The Defend Trade Secret Act (“DTSA”) contains a whistleblower immunity provision which could have a significant impact on employers. Until last month, however, no court had interpreted this provision which provides that no one “shall be held criminally or civilly liable under Federal or State trade secret law for the disclosure of a trade secret” made in confidence to a government official or an attorney and “solely for the purpose of reporting or investigating a suspected violation of law.” 18 U.S.C. § 1833(b). Now, the U.S. District Court for the District of Massachusetts has. In rejecting that assertion of the provision in a motion to dismiss, the court concluded that the party seeking the protections of the provision has the burden of at least asserting facts justifying its application. See Unum Group v. Loftus, No. 16-cv-40154-TSH, 2016 WL 7115967 (D. Mass. December 6, 2016).
Unum Group sued its former employee Timothy Loftus, who served as the company’s Director of Individual Disability Insurance Benefits. It did so based on the undisputed fact that, over a series of days, Loftus removed company documents and a company laptop that Unum Group contended contained trade secrets. While Loftus ultimately agreed to return the company laptop, Loftus’ counsel informed Unum Group that the documents he absconded with “may be evidence or otherwise have a material bearing on certain matters which are the subject of both historical and current governmental inquiries concerning the business practices of [the company]” and that he had taken the documents to prevent their destruction “pending both internal and apparent external investigations of misconduct.” Unum Group sued Loftus for conversion and trade secret misappropriation under the DTSA and Massachusetts Trade Secrets Act and sought a preliminary injunction for the return of the materials taken. In response, Loftus moved to dismiss, arguing that his actions were protected by the DTSA’s whistleblower immunity provision because he had turned over the documents to his attorney in the course of reporting a violation of the law.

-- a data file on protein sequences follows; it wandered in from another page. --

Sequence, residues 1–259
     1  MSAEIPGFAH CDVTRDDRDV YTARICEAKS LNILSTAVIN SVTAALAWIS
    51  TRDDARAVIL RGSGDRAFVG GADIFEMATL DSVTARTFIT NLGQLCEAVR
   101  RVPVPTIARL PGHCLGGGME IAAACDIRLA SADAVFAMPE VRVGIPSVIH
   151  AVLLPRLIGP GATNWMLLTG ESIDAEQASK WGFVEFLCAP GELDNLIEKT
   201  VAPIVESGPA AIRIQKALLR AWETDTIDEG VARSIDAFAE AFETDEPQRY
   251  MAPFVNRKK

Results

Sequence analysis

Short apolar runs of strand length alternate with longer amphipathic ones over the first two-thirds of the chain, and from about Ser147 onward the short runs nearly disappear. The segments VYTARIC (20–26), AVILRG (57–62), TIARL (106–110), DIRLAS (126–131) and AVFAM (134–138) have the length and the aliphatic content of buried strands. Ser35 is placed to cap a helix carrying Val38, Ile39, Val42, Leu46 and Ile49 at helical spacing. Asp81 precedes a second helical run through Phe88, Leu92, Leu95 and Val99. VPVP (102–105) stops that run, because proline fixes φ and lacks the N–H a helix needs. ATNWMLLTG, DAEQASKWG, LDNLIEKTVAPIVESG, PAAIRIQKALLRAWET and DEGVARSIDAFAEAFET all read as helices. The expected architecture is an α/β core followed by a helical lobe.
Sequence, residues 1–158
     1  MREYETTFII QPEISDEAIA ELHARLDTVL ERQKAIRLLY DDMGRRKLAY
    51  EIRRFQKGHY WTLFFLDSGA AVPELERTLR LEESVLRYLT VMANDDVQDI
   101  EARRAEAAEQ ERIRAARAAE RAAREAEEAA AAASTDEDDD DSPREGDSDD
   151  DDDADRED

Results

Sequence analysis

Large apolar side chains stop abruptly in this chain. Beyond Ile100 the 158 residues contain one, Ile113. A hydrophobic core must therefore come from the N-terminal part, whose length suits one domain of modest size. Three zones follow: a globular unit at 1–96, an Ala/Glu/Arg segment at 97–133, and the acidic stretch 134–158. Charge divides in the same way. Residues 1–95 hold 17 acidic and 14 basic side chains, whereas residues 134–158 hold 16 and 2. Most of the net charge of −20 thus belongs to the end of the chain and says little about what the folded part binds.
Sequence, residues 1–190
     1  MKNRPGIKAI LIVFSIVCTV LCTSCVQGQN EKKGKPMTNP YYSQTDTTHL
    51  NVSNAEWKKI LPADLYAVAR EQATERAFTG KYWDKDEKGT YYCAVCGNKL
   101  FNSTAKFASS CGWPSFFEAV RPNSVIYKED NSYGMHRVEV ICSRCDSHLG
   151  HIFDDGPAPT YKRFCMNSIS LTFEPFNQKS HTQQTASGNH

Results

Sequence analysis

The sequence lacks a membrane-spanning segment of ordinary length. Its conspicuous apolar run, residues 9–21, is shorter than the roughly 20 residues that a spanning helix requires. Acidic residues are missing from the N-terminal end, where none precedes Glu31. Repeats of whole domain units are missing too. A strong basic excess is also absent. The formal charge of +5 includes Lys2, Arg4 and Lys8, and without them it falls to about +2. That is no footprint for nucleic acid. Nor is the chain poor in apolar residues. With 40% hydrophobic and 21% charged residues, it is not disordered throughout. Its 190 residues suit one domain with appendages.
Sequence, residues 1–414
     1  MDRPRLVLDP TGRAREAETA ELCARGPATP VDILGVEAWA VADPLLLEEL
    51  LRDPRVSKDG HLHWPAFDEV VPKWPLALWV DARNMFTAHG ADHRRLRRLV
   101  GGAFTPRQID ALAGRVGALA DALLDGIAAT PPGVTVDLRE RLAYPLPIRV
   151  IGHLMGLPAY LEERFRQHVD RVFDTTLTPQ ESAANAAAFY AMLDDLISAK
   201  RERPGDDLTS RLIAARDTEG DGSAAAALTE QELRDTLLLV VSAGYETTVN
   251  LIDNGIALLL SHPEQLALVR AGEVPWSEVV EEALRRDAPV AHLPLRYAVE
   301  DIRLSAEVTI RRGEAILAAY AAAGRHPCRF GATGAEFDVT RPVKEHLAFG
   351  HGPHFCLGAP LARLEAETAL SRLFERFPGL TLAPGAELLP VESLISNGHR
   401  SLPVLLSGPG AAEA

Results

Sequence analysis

The district court denied the motion. It did so because Loftus failed to provide any factual support for his assertion of the DTSA’s immunity provision. The court reasoned, “it is not ascertainable from the complaint whether [the employee] turned over all of Unum’s documents to his attorney, which documents he took and what information they contained, or whether he used, is using, or plans to use, those documents for any purpose other than investigating a potential violation of law.“ (emphasis in original.) Moreover, the court granted the company’s request for a preliminary injunction and ordered the employee and his attorney to return all of the documents he removed.
Unum Group now answers at least one question—that the simple assertion of the immunity provision is not sufficient. Instead, the party seeking protection must provide factual evidence supporting the assertion of this provision. But more questions remain, such as: whether an employer can take action against an employee when the removal of documents violates company policy, whether the immunity applies when the documents taken exceed the scope of the suspected violation of law, and how well-founded the suspected violation of law needs to be. Some of these issues have been confronted and answered in other contexts, such as the False Claims Act. 31 U.S.C. § 3729, et seq.; see, e.g., S. Payne, Let’s Be Reasonable: Controlling Self-Help Discovery in False Claims Act Suits, 81 U. Chi. L. Rev. 1297 (2014). When and how they will be answered in the context of DTSA remains to be seen, so stay tuned as we track these developments.